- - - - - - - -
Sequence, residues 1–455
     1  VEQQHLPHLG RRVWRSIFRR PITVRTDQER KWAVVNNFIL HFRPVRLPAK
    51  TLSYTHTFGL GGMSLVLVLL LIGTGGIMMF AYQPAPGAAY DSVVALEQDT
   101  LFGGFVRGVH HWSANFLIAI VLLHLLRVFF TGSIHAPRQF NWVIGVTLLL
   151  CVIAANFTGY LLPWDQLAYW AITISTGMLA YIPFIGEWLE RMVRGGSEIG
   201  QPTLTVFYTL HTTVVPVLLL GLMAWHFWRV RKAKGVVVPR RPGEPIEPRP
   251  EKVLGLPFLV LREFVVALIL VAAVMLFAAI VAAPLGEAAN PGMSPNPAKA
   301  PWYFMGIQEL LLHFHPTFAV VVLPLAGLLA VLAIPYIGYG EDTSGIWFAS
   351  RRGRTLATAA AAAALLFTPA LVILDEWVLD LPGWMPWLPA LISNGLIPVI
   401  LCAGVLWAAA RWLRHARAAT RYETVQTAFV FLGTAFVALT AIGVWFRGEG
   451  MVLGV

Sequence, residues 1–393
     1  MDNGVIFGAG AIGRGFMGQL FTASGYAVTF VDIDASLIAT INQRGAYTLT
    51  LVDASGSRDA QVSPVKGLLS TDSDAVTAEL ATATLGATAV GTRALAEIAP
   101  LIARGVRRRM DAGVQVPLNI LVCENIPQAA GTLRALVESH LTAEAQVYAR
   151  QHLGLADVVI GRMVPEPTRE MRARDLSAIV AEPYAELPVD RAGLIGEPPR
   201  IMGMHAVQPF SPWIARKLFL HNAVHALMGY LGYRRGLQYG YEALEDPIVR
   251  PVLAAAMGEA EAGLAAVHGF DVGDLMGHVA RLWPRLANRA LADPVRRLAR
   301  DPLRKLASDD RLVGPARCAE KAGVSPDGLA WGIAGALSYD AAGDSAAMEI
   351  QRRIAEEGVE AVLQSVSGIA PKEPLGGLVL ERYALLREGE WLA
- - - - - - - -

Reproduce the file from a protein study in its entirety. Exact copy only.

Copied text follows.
Sequence, residues 1–455
     1  VEQQHLPHLG RRVWRSIFRR PITVRTDQER KWAVVNNFIL HFRPVRLPAK
    51  TLSYTHTFGL GGMSLVLVLL LIGTGGIMMF AYQPAPGAAY DSVVALEQDT
   101  LFGGFVRGVH HWSANFLIAI VLLHLLRVFF TGSIHAPRQF NWVIGVTLLL
   151  CVIAANFTGY LLPWDQLAYW AITISTGMLA YIPFIGEWLE RMVRGGSEIG
   201  QPTLTVFYTL HTTVVPVLLL GLMAWHFWRV RKAKGVVVPR RPGEPIEPRP
   251  EKVLGLPFLV LREFVVALIL VAAVMLFAAI VAAPLGEAAN PGMSPNPAKA
   301  PWYFMGIQEL LLHFHPTFAV VVLPLAGLLA VLAIPYIGYG EDTSGIWFAS
   351  RRGRTLATAA AAAALLFTPA LVILDEWVLD LPGWMPWLPA LISNGLIPVI
   401  LCAGVLWAAA RWLRHARAAT RYETVQTAFV FLGTAFVALT AIGVWFRGEG
   451  MVLGV

Sequence, residues 1–393
     1  MDNGVIFGAG AIGRGFMGQL FTASGYAVTF VDIDASLIAT INQRGAYTLT
    51  LVDASGSRDA QVSPVKGLLS TDSDAVTAEL ATATLGATAV GTRALAEIAP
   101  LIARGVRRRM DAGVQVPLNI LVCENIPQAA GTLRALVESH LTAEAQVYAR
   151  QHLGLADVVI GRMVPEPTRE MRARDLSAIV AEPYAELPVD RAGLIGEPPR
   201  IMGMHAVQPF SPWIARKLFL HNAVHALMGY LGYRRGLQYG YEALEDPIVR
   251  PVLAAAMGEA EAGLAAVHGF DVGDLMGHVA RLWPRLANRA LADPVRRLAR
   301  DPLRKLASDD RLVGPARCAE KAGVSPDGLA WGIAGALSYD AAGDSAAMEI
   351  QRRIAEEGVE AVLQSVSGIA PKEPLGGLVL ERYALLREGE WLA